READ ALSO: Danish: Is it really so hard to learn?

“So I think for us it was essential to have Danish partners. Also, the food hygiene rules and health and safety, while similar to the UK, are quite onerous – and again very technical.

“I run my own archaeology business in the UK, so that has set me in great stead for the financial and business side,” he added.

The startup currently sources some of its supplies from Eve’s native UK – one aspect that may be complicated by Brexit, he said.

“My secret dream is that the chocolate business will enable us to beat Brexit and stay in Denmark for a lot longer — but we'll have to see how it pans out,” he said.


Packaged up and ready to go #somerferie #chokolade #beantobar #chocolate

A post shared by Ørbæk & Eve (@oerbaekandeve) on Jul 3, 2017 at 2:40pm PDT

It was not just the administrative side that Eve had to learn on the hoof for his Danish-based business, though – the process of producing the chocolate itself is also new.

“I was eating some Ritter Sport one evening and wondered to myself how chocolate was made, thinking it must be some incredibly complicated industrial process. So I checked out a few YouTube videos and it turns out you can make chocolate in a coffee grinder – it tastes awful because it is so crunchy, but it shows the process. From there it was a matter of buying a bigger grinder and starting to experiment. We have so much to learn still, but people seem to like what we are producing so far,” he said.

The chocolate produced by the startup – which is both fairtrade and organic – is heavily influenced by Denmark’s nature and seasonal variations, including a quarterly subscription service which can be signed up for via a crowdfunding campaign.

“We have been trying to find a way to really represent the beauty and abundance of the Danish countryside and combine it with something that Danes really love – chocolate,” he said.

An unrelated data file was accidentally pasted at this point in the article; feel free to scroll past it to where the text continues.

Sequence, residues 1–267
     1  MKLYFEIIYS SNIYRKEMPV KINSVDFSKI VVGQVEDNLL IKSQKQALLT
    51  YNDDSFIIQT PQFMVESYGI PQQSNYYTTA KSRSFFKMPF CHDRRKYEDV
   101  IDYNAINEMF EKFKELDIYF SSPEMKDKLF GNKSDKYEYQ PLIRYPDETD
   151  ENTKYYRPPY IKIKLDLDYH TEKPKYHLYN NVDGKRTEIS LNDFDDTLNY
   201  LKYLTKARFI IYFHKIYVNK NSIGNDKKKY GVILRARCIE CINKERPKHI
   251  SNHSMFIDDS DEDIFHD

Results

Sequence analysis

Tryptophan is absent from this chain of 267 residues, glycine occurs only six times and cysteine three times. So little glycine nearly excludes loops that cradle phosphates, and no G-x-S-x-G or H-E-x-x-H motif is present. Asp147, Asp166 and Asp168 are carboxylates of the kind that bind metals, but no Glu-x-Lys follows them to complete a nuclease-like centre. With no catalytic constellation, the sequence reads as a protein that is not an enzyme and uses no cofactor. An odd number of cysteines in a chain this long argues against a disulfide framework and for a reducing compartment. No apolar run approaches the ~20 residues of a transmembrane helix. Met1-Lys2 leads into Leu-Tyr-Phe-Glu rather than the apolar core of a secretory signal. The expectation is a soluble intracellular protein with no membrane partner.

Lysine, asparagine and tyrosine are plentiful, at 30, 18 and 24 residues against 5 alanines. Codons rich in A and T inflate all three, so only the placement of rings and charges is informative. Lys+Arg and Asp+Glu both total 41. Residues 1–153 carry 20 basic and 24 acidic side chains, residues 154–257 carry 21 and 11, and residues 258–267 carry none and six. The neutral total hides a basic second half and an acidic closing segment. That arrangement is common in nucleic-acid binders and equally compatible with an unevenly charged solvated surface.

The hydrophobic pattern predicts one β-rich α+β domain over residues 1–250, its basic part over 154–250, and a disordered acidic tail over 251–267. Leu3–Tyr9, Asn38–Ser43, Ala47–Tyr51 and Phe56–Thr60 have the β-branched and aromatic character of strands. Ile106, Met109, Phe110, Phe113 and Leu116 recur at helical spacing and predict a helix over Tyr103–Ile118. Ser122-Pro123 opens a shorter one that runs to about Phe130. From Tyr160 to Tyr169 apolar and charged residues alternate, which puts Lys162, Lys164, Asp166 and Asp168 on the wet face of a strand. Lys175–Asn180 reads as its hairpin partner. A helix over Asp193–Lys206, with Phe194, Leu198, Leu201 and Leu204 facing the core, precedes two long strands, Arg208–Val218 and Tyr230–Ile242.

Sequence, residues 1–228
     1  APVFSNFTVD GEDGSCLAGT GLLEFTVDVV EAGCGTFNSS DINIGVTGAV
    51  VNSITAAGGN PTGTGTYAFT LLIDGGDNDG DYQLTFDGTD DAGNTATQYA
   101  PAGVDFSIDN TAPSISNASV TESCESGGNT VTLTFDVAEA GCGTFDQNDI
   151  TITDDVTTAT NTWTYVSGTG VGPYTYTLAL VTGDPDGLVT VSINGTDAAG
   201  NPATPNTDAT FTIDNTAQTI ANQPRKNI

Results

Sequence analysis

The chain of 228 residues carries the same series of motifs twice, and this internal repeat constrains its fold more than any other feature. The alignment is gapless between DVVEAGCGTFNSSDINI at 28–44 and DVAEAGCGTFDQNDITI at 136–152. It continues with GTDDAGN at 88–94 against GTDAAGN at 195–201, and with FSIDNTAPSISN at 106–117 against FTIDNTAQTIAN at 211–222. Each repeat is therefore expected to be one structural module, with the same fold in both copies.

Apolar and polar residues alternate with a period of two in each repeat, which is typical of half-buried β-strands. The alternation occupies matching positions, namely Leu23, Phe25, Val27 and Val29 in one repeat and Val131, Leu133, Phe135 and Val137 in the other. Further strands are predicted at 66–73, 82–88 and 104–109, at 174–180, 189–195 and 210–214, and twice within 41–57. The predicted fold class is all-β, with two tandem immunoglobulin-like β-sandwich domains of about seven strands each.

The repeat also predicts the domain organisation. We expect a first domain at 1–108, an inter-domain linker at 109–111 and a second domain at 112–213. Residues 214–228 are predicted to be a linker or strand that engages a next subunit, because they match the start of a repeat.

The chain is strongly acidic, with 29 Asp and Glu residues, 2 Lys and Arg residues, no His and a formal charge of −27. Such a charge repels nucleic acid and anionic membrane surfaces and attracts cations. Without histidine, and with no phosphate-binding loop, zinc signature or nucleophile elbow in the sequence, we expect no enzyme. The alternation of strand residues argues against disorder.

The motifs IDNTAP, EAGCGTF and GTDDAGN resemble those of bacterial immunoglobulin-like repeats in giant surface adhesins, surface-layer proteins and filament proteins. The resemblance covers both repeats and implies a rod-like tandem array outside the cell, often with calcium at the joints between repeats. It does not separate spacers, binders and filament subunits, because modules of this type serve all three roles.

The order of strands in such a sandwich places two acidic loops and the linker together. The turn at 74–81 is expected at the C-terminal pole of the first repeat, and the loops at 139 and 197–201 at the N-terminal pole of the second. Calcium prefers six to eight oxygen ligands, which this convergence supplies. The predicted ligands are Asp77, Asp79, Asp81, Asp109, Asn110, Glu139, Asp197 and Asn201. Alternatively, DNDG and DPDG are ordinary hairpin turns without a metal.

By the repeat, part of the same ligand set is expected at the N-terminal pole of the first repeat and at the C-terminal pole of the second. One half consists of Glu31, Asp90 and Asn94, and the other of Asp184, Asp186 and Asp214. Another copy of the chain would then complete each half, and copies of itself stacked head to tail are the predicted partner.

“Strawberries from Samsø for summer, hazelnuts foraged from the woods for autumn, etc. Between us we have six kids so the family always come in and help during the production days,” he added.

A longer term aim is to consolidate the new company – named Ørbæk & Eve after its co-founders – as a well-known ‘bean to bar’ company in Aarhus.

“Our main reasons for doing this are two-fold. First, we eat a lot of chocolate and have become increasingly concerned by the human and environmental costs of industrialised chocolate production – there are new reports about destruction of rainforest for cocoa plantations and slave labour in West Africa, for example. In order to not be complicit with this, I wanted to figure out how it was made – and to do it myself.

“Second, we have really noticed the differences in the seasons since we moved to Denmark, so we wanted to make chocolate that reflected and celebrated the different qualities of the changing seasons,” he said.

Eve, Ørbæk and their partners are currently spending evenings and weekends on the chocolate production runs.

“As things pick up, I suspect I will move to one dedicated day a week, but we have four of us working on it, so we can usually juggle the time,” he said.

READ MORE: The Local's 'My Danish Career' series